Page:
Membrane Interface Probe (MIP)
- Direct-Push Technologies
- Fiber Optic Chemical Sensors
- Gas Chromatography
- Graphite Furnace Atomic Absorption Spectrometry
- High-Resolution Site Characterization (HRSC)
- Infrared Spectroscopy
- Laser-Induced Fluorescence
- Mass Flux
- Mass Spectrometry
- Open Path Technologies
- Passive (no purge) Samplers
- Test Kits
- X-Ray Fluorescence
direct push platform (DPP), such as a cone penetrometer testing rig (CPT) or a rig that uses a hydraulic or pneumatic hammer to drive the MIP to the depth of interest to collect samples of vaporized compounds. (For non-air regulatory purposes VOCs are defined by the EPA Terminology Reference System as organic compounds that readily pass off by evaporation.) The probe captures the vapor sample, and a carrier gas transports the sample to the surface for analysis by a variety of field or laboratory analytical methods. Additional sensors may be added to the probe to facilitate soil logging and identify contaminant concentrations. The results produced by a MIP at any location are relative and subject to analytic verification.A MIP is a semi-quantitative, field-screening device that can detect volatile organic compounds (VOC) in soil and sediment. It is used in conjunction with a
MIP technology is capable of sampling volatile organic compounds and some semi-volatile organic compounds from subsurface soil in the vadose and saturated zones. It is typically used to characterize hydrocarbon or solvent contamination. Its ability to rapidly locate and identify contaminants reduces uncertainty in management decisions associated with costly cleanup projects, such as those commonly involving source zones of dense non-aqueous phase liquid (DNAPL) and light non-aqueous phase liquid (LNAPL). EPA has developed a dynamic field process in which MIPs may be used to produce reliable estimates of the contaminated mass, which is crucial to achieving cost-effective cleanups. Additional information on the use of the dynamic field process is in Using Dynamic Field Activities for On-Site Decision Making: A Guide for Project Managers.
Theory of Operation
MIP technology uses heat to volatilize and mobilize contaminants for sampling. Heating the soil and/or groundwater adjacent to the MIP's semi-permeable membrane, volatilizes the VOCs, which then pass through the probe's membrane and into a carrier gas for transportation to the ground surface.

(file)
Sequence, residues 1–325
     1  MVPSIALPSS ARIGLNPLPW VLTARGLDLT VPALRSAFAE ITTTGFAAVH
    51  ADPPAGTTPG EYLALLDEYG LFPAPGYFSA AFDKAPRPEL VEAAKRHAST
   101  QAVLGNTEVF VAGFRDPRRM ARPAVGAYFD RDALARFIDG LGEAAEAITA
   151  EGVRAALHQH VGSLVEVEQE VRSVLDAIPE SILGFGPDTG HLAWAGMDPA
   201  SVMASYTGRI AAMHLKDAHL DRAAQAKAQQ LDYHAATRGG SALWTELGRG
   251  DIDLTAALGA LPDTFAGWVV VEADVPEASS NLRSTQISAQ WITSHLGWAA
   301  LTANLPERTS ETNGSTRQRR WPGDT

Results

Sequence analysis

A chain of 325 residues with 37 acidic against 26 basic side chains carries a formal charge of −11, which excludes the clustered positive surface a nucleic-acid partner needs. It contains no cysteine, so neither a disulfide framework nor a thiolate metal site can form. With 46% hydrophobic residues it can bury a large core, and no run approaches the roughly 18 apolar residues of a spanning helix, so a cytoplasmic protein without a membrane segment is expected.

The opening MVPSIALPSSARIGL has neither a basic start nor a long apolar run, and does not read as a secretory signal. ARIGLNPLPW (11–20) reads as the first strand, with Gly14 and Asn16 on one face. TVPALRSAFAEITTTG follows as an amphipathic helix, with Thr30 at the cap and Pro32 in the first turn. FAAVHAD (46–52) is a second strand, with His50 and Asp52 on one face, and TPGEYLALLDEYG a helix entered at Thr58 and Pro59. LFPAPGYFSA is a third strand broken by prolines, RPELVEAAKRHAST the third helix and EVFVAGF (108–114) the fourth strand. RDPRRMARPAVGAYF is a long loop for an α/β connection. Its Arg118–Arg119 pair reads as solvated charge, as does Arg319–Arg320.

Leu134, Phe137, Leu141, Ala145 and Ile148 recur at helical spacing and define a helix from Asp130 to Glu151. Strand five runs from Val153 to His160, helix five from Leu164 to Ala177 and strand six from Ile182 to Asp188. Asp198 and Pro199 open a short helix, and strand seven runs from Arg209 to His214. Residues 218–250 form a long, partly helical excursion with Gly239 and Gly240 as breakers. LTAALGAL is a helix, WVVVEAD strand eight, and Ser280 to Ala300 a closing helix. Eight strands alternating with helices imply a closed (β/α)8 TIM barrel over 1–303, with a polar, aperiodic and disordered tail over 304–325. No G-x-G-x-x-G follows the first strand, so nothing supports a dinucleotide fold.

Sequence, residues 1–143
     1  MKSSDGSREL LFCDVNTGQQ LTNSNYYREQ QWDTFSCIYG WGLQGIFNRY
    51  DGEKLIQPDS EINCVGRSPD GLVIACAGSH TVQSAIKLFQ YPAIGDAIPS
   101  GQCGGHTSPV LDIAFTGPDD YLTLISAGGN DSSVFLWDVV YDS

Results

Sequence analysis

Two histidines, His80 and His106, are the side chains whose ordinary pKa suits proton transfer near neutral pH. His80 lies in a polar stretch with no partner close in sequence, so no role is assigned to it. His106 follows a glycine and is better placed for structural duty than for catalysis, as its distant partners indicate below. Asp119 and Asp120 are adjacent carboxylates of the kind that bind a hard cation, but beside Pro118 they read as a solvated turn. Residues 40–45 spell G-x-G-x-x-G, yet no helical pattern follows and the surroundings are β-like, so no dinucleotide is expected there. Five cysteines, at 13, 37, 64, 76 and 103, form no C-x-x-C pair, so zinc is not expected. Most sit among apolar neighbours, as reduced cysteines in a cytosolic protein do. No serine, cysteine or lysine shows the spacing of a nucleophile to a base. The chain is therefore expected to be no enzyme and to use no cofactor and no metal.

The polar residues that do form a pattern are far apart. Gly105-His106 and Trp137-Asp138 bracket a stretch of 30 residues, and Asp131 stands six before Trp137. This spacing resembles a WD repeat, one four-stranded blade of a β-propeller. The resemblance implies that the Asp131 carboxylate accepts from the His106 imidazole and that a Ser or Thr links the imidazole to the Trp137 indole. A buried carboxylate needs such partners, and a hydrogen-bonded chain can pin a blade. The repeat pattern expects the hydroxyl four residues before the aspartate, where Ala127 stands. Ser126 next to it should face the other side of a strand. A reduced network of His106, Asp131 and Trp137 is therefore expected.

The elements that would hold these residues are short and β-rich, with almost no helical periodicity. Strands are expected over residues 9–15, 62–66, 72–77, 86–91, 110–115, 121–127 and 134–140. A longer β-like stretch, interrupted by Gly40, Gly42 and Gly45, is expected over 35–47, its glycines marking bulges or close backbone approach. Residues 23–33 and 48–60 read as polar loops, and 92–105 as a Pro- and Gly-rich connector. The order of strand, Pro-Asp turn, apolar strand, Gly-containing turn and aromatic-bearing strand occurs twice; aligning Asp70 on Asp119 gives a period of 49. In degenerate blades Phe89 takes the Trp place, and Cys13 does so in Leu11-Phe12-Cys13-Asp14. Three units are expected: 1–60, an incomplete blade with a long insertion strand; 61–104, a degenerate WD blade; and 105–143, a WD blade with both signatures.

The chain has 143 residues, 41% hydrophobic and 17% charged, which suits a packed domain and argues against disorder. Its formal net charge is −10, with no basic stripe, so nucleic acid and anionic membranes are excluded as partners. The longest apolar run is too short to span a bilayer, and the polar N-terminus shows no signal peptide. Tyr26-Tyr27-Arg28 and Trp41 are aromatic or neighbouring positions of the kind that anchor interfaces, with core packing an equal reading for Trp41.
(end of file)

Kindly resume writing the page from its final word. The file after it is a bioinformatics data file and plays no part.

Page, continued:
The MIP is mounted on a DPP, which drives the probe into the soil and estimates the probe's depth.
The MIP consists of a small polymer (tetrafluoroethene) port, or membrane, that is permeable to gas but impermeable to liquid. The port is secured onto a steel block that also contains a resistive heater coil and a thermocouple, allowing the temperature of the membrane to be controlled and monitored. The heater coil heats the soil near the membrane to 80 to 125º C (160 to 232º F), which allows VOCs in the soil and groundwater to partition across the membrane in saturated or unsaturated soil. The subsurface temperature needs to be at or above the boiling point of the target compound(s). Nitrogen is the most commonly used carrier gas, but helium has been used in some applications. The carrier gas sweeps across the back of the membrane, entrains the VOC sample, and carries the VOC to the detection device located at the surface.
Typically, the MIP probe includes a tip that measures soil or water conductivity at a known distance below the membrane. The conductivity measurements can help correlate contamination to known soil stratigraphy. The probe conductivity measurements cannot identify the specific type of soil (based on grain size) distribution that is encountered unless the conductivity measurements can be compared to actual site soil core data. In the absence of onsite data, the MIP conductivity measurements identify changes in the soil's electrical behavior that can be related to changes in stratigraphy or groundwater quality. Analytical devices commonly used with a MIP include gas chromatography (GC)-grade detectors (e.g., photo-ionization (PID), flame ionization (FID), electron capture (ECD), and dry electrolytic conductivity (DELCD)) that establish the presence of VOC vapor, dissolved phase LNAPL, or DNAPL in soil. These detectors may be deployed singly or in line depending upon the site's contamination. PID detectors are best used for detecting aromatic compounds, such as BTEX (benzene, toluene, ethylbenzene, and xylene isomers). FID detectors are used to detect petroleum hydrocarbons (straight and branched chain alkanes). ECD and DELCD detectors are used to identify chlorinated hydrocarbons (e.g., perchloroethene, trichloroethene, dichloroethene, carbon tetrachloride).
Speciation of the contaminants can be accomplished either by collecting the off-gas on carbon or Tenax traps and subsequently desorbing the contaminants into a GC/mass spectrometer (MS) or by direct injection into an onsite ion-trap mass spectrometer (ITMS). Since the ITMS lacks a GC, its ability to resolve complex mixtures of contaminants is limited.
Another approach to analyzing vapor samples collected by MIP that is under development is a DPP-delivered halogen-specific detector, which can be positioned immediately behind a MIP. As of July 1, 2007, this probe was not commercially available. However, a newly designed version of the probe, which is expected late in 2007, will offer higher spatial resolution for delineation of DNAPL source terms and lower sensor acquisition and operating costs. It also can be operated in concert with other chemical and physical sensors.